Nissan's next-generation steering employs a steering angle sensor at the steering wheel, three ECUs for control, electric motors to power the rack, and a steering force actuator near the driver to retain the vehicle's "steering feel."
Greg, the backup is absolutely required. While it is rare, I have been in a car where the power failed and the power steering stopped working. This was a hydralic system, and it was very hard to steer the car, but at least it could be done. Electrical systems are more likely to go out on a car, I would venture to guess, than the purely mechanical ones. Especially electrical systems that are digital.
So let me get this straight, we introduce steer by wire so we can remove the feel of rough roads etc. but we dial in the feel electronically because that wouldn't be good for the driver, and were saving weight even though we added 3 ECU's AND a clutch to re-engage the traditional steering column if all 3 ECU's die (which will happen every time an alternator dies)
I think some engineers in the automotive industry have lost the plot, They're putting complexity in for the sake of it.
Not necessarily. We build airplanes today that are completely dependent on fly-by-wire systems, and would fall right out of the air if those computers were to fail. And making those systems "fail safe" is essentially a solved problem.
On a normal car, the steering column is a major structural limiting factor, driving a large number of constraints for the surrounding vehicle. And it's a big, bulky, complex assembly. Electrically driven steering would make the steering system more modular, more flexible in physical layout, and allow things that are currently not practical, like swapable bodies on common frames, or handing the steering wheel to the passenger without having to pull over or swap seats (anyone remember the GM Hy-X?).
Over the past few decades, we've been steadily finding ways to move complexity from mechanicals to electronics, software, and firmware. It's been demonstrated that this can be done while also increasing reliability and decreasing cost. There's no reason to assume that automobiles are an exception to this.
That having been said, I don't think I'll be lining up to buy the first model year with drive-by-wire steering. :)
"Big, Bulky, and complex"? I think not. The complexity is in the electronics, not the mechanicals. And aircraft have multiple backup systems in their fly by wire systems. I don't see that happening in automobiles unless you want a price tag similar to a 747.
Soooo... You compare 2000 microscopic surface mount components some of which contain a million transistors with 100 mechanical components (guestimate) and say that the electronic version is simpler because the 2000 parts are in only THREE boxes.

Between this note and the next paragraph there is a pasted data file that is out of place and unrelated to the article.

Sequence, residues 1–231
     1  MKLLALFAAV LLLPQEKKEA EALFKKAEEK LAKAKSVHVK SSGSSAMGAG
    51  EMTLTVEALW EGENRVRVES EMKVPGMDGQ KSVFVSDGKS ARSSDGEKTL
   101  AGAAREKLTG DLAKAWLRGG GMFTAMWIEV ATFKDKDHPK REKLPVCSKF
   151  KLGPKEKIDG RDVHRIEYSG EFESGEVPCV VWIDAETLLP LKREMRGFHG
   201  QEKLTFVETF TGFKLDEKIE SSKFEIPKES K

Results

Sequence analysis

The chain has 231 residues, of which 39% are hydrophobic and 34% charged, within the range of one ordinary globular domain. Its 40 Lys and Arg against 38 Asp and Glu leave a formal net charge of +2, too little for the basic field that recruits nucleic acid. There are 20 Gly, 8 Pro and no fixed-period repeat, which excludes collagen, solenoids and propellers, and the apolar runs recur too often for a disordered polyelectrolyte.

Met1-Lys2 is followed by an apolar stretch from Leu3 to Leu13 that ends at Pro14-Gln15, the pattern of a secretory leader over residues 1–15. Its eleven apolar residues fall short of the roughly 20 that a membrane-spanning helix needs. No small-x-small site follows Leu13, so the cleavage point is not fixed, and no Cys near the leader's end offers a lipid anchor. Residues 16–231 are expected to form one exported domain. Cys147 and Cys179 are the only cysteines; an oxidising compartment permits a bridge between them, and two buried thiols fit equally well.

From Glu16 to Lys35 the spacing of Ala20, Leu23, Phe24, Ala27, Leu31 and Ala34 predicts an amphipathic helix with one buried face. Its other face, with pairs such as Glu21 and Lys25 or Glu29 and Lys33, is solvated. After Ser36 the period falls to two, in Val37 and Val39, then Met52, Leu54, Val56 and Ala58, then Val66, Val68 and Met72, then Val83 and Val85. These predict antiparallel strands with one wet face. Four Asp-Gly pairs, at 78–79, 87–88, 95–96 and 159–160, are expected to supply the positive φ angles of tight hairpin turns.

I LOVE the Infinity styling but I think they have lost their minds in Tokyo.
Note to Nissan: Give the stylists a raise with the money saved by firing the guys that came up with this Idea.
Right, Rob. For now, the clutch is there, but Nissan told us that if the mechanicals were ever removed, its engineers would incorporate a fail-safe sub-system. At this point however, it's not clear how the fail-safe sub-system would work.
I think the only down side is the number of automobiles on the road. The chances of the system failing are far greater than with cars. You cannot guarantee that the car is professionally maintained. However, if this system is fool proof, I mean that with masses in mind, then it is the future.
I'm going to play teh antagonist here. When it comes to driving, feeling the road is much more important to me than a smooth ride. The feel actually helps me know that a tire has a problem before it is a real problem. I get the whole technology thing for the future, but nothing can replace a solid mechanical system. Removing that is like putting a rocket on the road with no breaks. There always seems to be delay in control system response, and that nanosecond of steering response has saved my life. I embrace technology, but I'm not confident that this is the right way to go.
The basic function of a vehicle is stop/go/turn. That's it! Everything else is bells and whistles. At 60 mph, two things I don't want failing; stop and turn. Survivability goes way down if those systems fail. 'Go' is a snug third. I had a Ford Escort and going through an intersection; there were dips on each side of the intersection as you crossed the intersecting road. The engine stopped running after going through the second dip. I was able to steer to the side of the road and stop; parking legally. The problem was traced to a pin in a connector; the pin broke off at the wire crimp. The whole incident was minor. But if the steering or brakes had been lost things could have been much worse. The car I have now is 'go'-by-wire. The jury is still out on that one but it appears to be hung at the moment.
The steer-by-wire might have a niche market such as applications where a steering wheel is difficult or impractical (example, handicap). When I read these announcements, I pause and give thought what they are saying. Example: Nissan states that '... the advantages are ...'. But they never mention the disadvantages. There are always disadvantages. Red flags: '... the clutch is disengaged 999,999 time out of a million.' If a system is disengaged for that long, what guaranties that it will work when needed? How will you know if the backup has failed? Is it ever tested?